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[Newsmaker]Mobility startups protest government’s ride-sharing reform plan

South Korea’s major mobility startups raised their voice against the government’s latest plan to overhaul the controversial ride-sharing business here, saying Wednesday that the envisioned rules favor taxi drivers and bigger firms.

In a statement released after the Transport Ministry announced its reform plan for the country’s mobility industry, VCNC, which runs the popular ride-hailing service Tada, said the government’s plan would only build higher barriers and prevent startups from entering the business.

“We believe the reform plan appears to center on existing systems and those with vested interests,” said VCNC chief Park Jae-wook. “It is necessary to take a new approach and a new agreement to bring more benefits to the people.”

The government has been reluctant to approve Tada and similar ride-sharing services after massive protests from taxi drivers, who have blasted mobility startups and accused them of stealing their jobs. 

Taxi drivers protesting Tada`s ride-hailing service. Yonhap
Taxi drivers protesting Tada`s ride-hailing service. Yonhap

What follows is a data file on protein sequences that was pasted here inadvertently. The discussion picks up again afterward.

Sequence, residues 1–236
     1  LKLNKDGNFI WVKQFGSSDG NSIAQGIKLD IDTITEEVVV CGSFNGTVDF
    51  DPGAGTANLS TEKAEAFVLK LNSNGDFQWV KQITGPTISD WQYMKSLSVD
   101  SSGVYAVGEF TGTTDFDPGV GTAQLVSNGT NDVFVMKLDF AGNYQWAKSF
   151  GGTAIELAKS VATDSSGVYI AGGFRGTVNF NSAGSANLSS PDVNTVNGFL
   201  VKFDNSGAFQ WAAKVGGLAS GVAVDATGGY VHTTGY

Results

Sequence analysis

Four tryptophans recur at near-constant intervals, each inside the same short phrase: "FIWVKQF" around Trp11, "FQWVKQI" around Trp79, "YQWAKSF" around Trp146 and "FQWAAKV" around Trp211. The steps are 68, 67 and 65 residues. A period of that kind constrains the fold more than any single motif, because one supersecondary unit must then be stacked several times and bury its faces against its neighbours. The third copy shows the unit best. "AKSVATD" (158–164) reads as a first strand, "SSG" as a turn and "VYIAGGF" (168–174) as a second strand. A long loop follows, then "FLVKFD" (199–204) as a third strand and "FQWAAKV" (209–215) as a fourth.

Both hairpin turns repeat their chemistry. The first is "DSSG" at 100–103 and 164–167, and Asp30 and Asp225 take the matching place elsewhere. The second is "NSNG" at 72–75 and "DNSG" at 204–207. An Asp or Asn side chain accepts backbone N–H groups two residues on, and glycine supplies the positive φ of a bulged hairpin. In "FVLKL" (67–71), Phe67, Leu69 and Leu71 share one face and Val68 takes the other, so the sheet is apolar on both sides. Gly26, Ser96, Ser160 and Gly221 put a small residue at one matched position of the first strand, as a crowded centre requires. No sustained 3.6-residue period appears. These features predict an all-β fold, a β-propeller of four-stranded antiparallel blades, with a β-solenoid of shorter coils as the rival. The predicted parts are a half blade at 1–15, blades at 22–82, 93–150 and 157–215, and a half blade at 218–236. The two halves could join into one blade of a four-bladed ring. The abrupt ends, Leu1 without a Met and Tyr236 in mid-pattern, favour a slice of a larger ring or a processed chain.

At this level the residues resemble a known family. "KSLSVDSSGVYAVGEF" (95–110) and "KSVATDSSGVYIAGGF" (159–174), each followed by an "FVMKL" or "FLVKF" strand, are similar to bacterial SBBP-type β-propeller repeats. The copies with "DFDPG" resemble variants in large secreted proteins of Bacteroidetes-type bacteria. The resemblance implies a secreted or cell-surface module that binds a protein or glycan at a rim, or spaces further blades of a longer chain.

Earlier in the day, the Ministry of Land, Infrastructure and Transport said some ride-sharing services would be allowed to operate under the new plan, but for the time being those based on rental cars would not.

Companies that gain permission to operate the ride-sharing services, the ministry said, would have to contribute a certain portion of their earnings to a state-managed fund that would be established for the purchase of taxi licenses, of which it said there was an oversupply.

Noting that Korea has about 252,000 licensed taxis, with some 40,000 of those being out of service, the government said it would work to sort them out and encourage younger drivers to gain licenses, while also introducing a monthly salary system.

In what some argued was preferential treatment for bigger companies, the government also said it would ease regulations on ride-hailing services offered by the Kakao T platform, which connects taxis and customers. The Kakao T platform is operated by Kakao Mobility, an affiliate of mobile messenger app operator Kakao.

Tada, which hires part-time workers to drive rental cars with more than 11 seats, has been well received among riders who have grown disenchanted with conventional taxi services -- often criticized for reckless driving and selective choosing of customers based on their destination. Similar mobility service platforms have emerged as a result.

Taxi drivers, meanwhile, have called Tada’s services illegal, citing laws that prohibit drivers without taxi licenses from offering rides for pay.

Kim Sang-do, who deals with transportation policy at the Transport Ministry, pointed to “the huge gap in views of the taxi industry and mobility platform services” as the reason for the decision to disallow the use of rental cars for paid ride-hailing services.

Kim stressed that the ministry’s reform plan does not render Tada’s services illegal immediately, as certain procedures are necessary before the plan can be enacted into law. The government is expected to submit the plan to the National Assembly this September.